VAT rise moves 'tax freedom day'
Next week's VAT rise will mean Britons have to wait three days longer than in 2010 before they earn enough money to cover their annual tax bill and start making money for themselves, a think tank has calculated.
The Adam Smith Institute has predicted that "tax freedom day" will fall on May 30 2011, meaning the equivalent of every penny earned by the average worker for the first 149 days of the year will go to the Treasury.
It said the longer period - six days more than in 2009 - was almost entirely down to the extra revenues the Government expects to rake in by increasing the sales tax from 17.5% to 20% from January 4.
If the calculations prove accurate, it will be the latest the milestone has fallen since 2007 when it stretched into June and has led to calls for targeted tax cuts next year.
Tom Clougherty, the Institute's executive director, said: "The Government is right to give priority to cutting spending and plugging the deficit. But as Tax Freedom Day shows, Britons are still desperately overtaxed.
"The fact that we spend almost five months working for the state and only seven months working for ourselves and our families is a shocking indictment of big, wasteful government.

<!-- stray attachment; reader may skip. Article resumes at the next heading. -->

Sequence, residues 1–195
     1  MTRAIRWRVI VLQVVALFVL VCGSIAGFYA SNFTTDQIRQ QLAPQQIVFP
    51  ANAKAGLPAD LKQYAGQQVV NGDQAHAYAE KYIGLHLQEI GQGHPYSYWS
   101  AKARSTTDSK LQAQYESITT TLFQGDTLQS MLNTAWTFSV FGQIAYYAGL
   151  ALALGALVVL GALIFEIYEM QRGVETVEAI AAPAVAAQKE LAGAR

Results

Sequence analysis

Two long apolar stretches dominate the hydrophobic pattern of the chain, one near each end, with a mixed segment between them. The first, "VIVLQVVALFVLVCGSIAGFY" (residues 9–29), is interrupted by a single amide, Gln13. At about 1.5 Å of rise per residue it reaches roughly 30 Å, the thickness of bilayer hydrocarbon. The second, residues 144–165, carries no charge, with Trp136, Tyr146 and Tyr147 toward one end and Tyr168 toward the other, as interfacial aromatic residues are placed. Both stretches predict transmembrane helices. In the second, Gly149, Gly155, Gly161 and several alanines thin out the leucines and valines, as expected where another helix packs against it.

"As well as hitting every household in the country, the VAT hike is going to dent consumer confidence and put a dampener on our economic recovery - as the Office of Budget Responsibility has already pointed out."
Dr Eamonn Butler, director of the Institute, said: "The coalition should examine the possibility of making targeted tax cuts now to encourage economic growth. But in the long term, they need to fundamentally overhaul the entire tax system. Lower, simpler, flatter taxes would be fairer for individuals, and better for the economy."
Chancellor George Osborne earlier this month tried to dampen expectations of tax cuts ahead of the General Election scheduled for 2015 such as a reversal of the VAT hike amid suggestions he was building a pre-poll war chest.
He said that the VAT hike was "not temporary" but a structural change to the tax system which was needed to deal with the deficit and that taxes would be reduced only if there was a surplus in the public finances - something the Treasury does not expect during this Parliament.